transparency. Given that more than $20 billion from the Iraq program is
now sitting in U.N. escrow accounts awaiting some combination of
Saddam's planning and U.N. processing, one wonders which banks, and
which of those countries now taking part in the Iraq debate, might be
getting thick slices of Saddam's business. A few years ago, all
Oil-for-Food funds were kept at a French bank, Banque Nationale de
Paris. More recently, the funds have been diversified among five or six
banks, according to U.N. treasurer Suzanne Bishopric. But the U.N. does
not permit her to disclose the names or locations of the banks, or
details such as interest accrued.

"We don't like to make public where our money is," says Ms. Bishopric.
Who audits the program? It's a strictly insider job: The U.N.
secretariat, supplemented by a rotating set of member nations, with the
task currently delegated to the government of the Philippines.

Neither does the U.N. disclose which countries get what amount of
Saddam's trade. Oil industry experts say France and Russia--both of
which have resisted removing Saddam--have led the pack, with billions in
deals. Russia being a big oil producer itself, these purchases are not
for home consumption, but for resale at a profit. An official in the
U.N. controller's office says he is forbidden to disclose figures on
Iraqi trade with individual countries. "If I did, I would get an earful
from the countries' missions."

In another craven move, the U.N.'s Iraq program even allowed Saddam to
dictate in October 2000 that he no longer wanted the Oil-for-Food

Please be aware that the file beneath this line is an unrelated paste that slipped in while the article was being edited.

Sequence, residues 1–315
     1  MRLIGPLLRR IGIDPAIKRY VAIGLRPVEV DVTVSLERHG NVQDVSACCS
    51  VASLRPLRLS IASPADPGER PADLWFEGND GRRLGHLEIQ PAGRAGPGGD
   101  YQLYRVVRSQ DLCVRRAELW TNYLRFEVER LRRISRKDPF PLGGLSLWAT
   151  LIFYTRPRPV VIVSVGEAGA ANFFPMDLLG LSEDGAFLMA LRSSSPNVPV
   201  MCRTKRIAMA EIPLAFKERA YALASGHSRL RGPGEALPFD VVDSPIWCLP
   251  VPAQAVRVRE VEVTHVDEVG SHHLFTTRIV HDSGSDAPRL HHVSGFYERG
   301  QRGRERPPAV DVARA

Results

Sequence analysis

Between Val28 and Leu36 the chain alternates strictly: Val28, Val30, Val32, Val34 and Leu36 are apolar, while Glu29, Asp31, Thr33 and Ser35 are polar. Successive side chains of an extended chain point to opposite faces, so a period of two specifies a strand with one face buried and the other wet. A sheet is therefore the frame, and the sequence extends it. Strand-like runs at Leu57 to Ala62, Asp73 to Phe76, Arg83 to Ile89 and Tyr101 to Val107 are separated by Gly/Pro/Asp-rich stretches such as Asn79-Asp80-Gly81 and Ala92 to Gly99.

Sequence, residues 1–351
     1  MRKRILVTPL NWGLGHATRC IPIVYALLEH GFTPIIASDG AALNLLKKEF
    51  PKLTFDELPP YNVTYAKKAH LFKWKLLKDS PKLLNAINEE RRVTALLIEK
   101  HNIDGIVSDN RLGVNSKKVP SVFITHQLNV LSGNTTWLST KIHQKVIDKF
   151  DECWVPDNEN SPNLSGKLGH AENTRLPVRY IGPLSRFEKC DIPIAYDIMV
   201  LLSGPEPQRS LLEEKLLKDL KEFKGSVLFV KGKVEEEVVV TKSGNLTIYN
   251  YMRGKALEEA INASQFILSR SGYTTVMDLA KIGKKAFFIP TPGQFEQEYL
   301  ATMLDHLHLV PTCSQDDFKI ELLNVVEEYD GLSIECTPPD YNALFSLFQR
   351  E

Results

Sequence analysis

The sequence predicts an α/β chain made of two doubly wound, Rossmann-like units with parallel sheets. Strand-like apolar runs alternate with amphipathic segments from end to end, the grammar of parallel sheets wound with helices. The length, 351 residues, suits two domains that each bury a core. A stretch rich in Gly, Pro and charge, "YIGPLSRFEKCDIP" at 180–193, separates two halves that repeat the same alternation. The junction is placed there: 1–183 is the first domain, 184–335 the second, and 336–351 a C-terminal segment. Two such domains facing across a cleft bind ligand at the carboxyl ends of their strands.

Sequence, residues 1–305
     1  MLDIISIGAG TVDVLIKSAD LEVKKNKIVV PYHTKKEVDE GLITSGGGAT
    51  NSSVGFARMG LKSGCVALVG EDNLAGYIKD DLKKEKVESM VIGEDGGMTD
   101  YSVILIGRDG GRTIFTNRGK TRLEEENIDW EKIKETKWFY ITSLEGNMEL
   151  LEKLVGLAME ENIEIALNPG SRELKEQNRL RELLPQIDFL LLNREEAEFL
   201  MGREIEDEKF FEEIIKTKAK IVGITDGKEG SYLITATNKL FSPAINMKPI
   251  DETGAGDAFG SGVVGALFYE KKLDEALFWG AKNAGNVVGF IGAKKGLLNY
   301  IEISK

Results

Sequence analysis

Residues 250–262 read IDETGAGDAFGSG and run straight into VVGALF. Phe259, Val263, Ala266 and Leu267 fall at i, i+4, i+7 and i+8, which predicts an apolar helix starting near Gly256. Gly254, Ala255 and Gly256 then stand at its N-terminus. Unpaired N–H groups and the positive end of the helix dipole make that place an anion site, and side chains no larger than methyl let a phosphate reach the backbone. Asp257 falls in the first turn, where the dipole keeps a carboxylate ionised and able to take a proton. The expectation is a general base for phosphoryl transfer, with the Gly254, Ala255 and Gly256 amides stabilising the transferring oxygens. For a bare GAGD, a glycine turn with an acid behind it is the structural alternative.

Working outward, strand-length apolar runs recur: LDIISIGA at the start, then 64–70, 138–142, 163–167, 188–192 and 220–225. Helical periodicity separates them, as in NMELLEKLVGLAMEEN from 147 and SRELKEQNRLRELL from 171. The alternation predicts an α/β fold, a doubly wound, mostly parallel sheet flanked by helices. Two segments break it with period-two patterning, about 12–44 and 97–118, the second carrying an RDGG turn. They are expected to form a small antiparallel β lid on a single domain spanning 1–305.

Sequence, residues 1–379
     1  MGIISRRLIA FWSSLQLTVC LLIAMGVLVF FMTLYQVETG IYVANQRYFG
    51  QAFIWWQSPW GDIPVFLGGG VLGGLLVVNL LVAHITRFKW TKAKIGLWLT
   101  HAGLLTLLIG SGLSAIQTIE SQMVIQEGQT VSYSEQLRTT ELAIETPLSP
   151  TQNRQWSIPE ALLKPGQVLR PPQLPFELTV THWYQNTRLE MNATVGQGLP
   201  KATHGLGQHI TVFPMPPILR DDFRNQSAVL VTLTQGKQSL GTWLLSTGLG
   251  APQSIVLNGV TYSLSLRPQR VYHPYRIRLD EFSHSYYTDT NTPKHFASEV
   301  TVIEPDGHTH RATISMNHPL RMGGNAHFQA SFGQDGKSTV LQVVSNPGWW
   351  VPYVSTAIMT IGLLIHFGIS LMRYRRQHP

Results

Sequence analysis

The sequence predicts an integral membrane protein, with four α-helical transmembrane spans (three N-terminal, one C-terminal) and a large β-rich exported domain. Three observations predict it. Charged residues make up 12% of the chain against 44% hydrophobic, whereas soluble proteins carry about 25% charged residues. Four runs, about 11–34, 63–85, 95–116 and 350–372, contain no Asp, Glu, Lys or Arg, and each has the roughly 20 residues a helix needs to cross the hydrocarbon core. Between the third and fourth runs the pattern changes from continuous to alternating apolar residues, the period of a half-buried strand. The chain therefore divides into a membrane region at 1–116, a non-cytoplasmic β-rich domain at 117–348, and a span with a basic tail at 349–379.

accounts to be held in the currency of the enemy, meaning U.S. dollars.
Obediently, the U.N. switched all Iraq funds from that stage forward to
euros, in effect helping Saddam impose his own version of sanctions on
the U.S.

What helped breed this monstrosity of a program was a system that at its
inception sounded worthy enough. To fund most of its operations, the
U.N. has to assess its members, rattling the cup for funds. Not so with
Iraq. Oil-for-Food aims to make Saddam's government pay for all the
evaluating and inspecting and directing meant to ensure that Saddam's
oil gains go for humanitarian uses. So the U.N.
plan allocates various percentages of the revenues for different parts
of the program.

Today, that means 59% for Baghdad-controlled central and southern Iraq,
13% to the autonomous Kurdish north, 25% for Gulf War reparations and
0.8% for weapons inspections (what weapons inspections?). And--oh
yes--2.2% for U.N. administration of the program, $1.2 billion so far.
That's enough that the U.N. secretariat, awash in Iraqi cash, has turned
over a surplus $211 million for aid to Iraq. That still leaves a
cumulative $1 billion bankrolling U.N. administration of a program that
by now, in effect, has the U.N. working, on commission, for Saddam. As a
man of integrity, Mr. Annan might want to footnote that in the debate
over what
to do about Iraq.

Ms. Rosett is a member of The Wall Street Journal's editorial board. Her

column appears Wednesdays here and in The Wall Street Journal Europe.

Copyright  2002 Dow Jones & Company, Inc. All Rights Reserved.

Sent via the discussion list of the Campaign Against Sanctions on Iraq.
To unsubscribe, visit
To contact the list manager, email
All postings are archived on CASI's website:

[Campaign Against Sanctions on Iraq Homepage]